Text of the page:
An opportunity has been made available for NAIOP members to participate in an exchange of ideas to shape a modern, livable neighborhood in the “West Market” (west side) area of downtown Minneapolis.
The City of Minneapolis will present draft goals for an upcoming RFP to developers for surplus land near Van White Memorial Blvd and 2nd Ave North.
The West Market business association will highlight other parcels currently being developed, listed or have long range potential. A discussion will also involve David Frank (City of Minneapolis, Planning & Economic Development), Nick Koch (HGA Architects), David Wellington (Wellington Management) and David Loehr (20/20 Partners).
Thursday September 29, 5:00 – 7:00 pm.
Location: Heritage Park Community Center, 1015 4th Ave North, Minneapolis 55405
RSVP to: Administrator@WestMarketDistrict.com. Please RSVP.
The October 11 breakfast program (8:00 am, Golden Valley Golf & Country Club) offers insights on an active multi-phased, mixed-use Eagan development involving 200 acres and to be staged over the next 10-15 years.
The development, of course, is the Minnesota Vikings’ new team headquarters and training facility on part of the former Delta Airlines Headquarters property. This project includes a proposed mix of office, retail, multi-family residential, and hospitality uses and will be developed by an affiliate of the Vikings’ owners.
Additionally, Eagan leaders will provide their perspective on the area’s transformation, on the city’s targets for related development and redevelopment opportunities, and on the City’s new partnership with the Vikings.
Details and registration available at www.NAIOPMN.org.
If your company plans to engage in new construction, reclamation or renovation, and you expect to deal with solid waste or contaminated soils, you need to express your thoughts this week to the Minnesota Pollution Control Agency (MPCA) regarding its proposal to substantially increase waste disposal taxes.
If their recommendation is adopted, it could have a chilling effect on the metropolitan region’s new development, building renovation or other construction sector activities that, in turn, could lead to yet more significant economic and social problems. Considering the current regulatory barriers to urban infill projects, for example, significant tax increases such as these could effectively stagnate redevelopment of already run-down regions in our metro area.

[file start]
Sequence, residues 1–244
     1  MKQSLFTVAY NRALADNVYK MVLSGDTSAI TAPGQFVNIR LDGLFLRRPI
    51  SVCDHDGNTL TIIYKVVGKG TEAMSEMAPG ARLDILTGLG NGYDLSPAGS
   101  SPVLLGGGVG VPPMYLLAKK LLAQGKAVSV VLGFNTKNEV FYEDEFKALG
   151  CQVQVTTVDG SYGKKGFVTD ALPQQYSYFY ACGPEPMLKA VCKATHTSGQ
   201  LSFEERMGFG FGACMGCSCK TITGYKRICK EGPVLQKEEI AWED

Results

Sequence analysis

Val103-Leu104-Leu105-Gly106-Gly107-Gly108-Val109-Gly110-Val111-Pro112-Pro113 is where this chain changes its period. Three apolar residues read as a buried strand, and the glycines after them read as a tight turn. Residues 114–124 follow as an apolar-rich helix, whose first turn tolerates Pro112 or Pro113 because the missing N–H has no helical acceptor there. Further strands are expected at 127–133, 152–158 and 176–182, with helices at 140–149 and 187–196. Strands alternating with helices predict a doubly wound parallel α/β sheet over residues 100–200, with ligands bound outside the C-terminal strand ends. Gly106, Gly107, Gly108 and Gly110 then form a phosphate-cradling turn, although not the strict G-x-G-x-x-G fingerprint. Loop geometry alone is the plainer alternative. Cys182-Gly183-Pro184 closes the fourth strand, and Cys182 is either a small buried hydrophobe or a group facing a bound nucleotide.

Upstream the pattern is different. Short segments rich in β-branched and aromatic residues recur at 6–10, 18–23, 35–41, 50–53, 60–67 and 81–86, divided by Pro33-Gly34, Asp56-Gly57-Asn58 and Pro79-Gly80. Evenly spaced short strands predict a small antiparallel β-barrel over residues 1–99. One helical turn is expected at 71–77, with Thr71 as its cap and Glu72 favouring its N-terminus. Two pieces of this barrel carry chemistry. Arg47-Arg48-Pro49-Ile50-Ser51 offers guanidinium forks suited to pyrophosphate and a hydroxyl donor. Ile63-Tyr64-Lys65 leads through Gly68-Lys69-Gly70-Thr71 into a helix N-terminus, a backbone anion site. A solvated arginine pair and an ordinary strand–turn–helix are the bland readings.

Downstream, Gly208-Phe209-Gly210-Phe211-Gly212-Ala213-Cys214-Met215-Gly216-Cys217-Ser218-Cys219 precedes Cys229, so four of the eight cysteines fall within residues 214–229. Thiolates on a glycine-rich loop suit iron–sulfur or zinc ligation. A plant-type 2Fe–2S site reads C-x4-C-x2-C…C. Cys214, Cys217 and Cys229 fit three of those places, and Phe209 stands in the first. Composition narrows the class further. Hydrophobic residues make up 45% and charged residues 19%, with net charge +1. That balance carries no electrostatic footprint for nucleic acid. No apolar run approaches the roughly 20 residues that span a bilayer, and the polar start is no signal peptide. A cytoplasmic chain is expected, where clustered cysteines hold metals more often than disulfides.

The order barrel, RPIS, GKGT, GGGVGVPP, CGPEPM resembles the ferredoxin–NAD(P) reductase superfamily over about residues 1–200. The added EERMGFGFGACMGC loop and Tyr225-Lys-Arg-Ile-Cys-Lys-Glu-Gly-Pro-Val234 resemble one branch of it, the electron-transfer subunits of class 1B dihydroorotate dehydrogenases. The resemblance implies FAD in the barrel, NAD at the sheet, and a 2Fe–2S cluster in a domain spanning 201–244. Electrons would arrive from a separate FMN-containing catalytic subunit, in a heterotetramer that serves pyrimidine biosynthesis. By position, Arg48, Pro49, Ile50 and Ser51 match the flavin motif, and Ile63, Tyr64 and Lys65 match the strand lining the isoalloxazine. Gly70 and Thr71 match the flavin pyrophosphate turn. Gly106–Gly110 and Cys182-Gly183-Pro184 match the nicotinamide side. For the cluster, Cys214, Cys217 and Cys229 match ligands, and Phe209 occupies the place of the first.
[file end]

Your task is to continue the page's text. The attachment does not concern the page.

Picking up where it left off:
To voice your opinion about the proposed tax increase on solid waste, please send your email comments NO LATER THAN FRIDAY, SEPTEMBER 16 AT 5 P.M. to: email@example.com
The MPCA’s current proposal, among other issues, deals with construction and demolition materials as well as industrial waste such as contaminated soils. Taxes on mixed municipal solid waste (MMSW) are much higher than for industrial solid waste (ISW). The MPCA reports a significant increase in ISW disposal since 2009 while MMSW has remained constant, leading the agency to believe that much of the increase in ISW contains MMSW that could be removed from the landfilling stream and recycled or otherwise reprocessed.
To deal with the issue, the MPCA proposes to elevate taxes on ISW to equal that of MMSW – from the current $0.60-per-cubic-yard cost to 17-percent of the overall hauler bill. This hypothetical project illustrates the significant impact this tax increase could impose:
Solid Waste removal taxes:
• A 25,000-square-foot office remodeling job may generate 300 cubic yards of waste at a cost of approximately $3,500 for disposal. Under the current tax rate of $0.60 per cubic yard, a $180 fee would need to be paid to the MPCA. But under the MPCA’s proposal, a 17-percent tax would be applied to the overall cost for disposal – a $600 fee would now need to be paid. This represents more than a 200-percent increase in solid waste disposal taxes.
Contaminated soil removal taxes:
• A medium-sized project might generate 25,000 cubic yards of contaminated soils, which could cost approximately $1,120,000 to remove. Under the current tax of $0.60 per cubic yard, a developer would have to pay $15,000 in fees. Under the proposed tax of 17 percent of the total cost, the developer would now have to pay $190,400 – an increase of more than 1,000 percent.
What We’re Doing
The NAIOP Minnesota Public Policy Committee is tackling this issue head-on by providing comments directly to the MPCA, asking them not to adopt their proposed tax increases, and volunteering to help improve recycling of construction waste as well as the redevelopment of sites with environmental contamination. But your voice in this issue can make a difference too. I urge you to get involved and let the MPCA commissioners know how you feel about such an unwarranted move.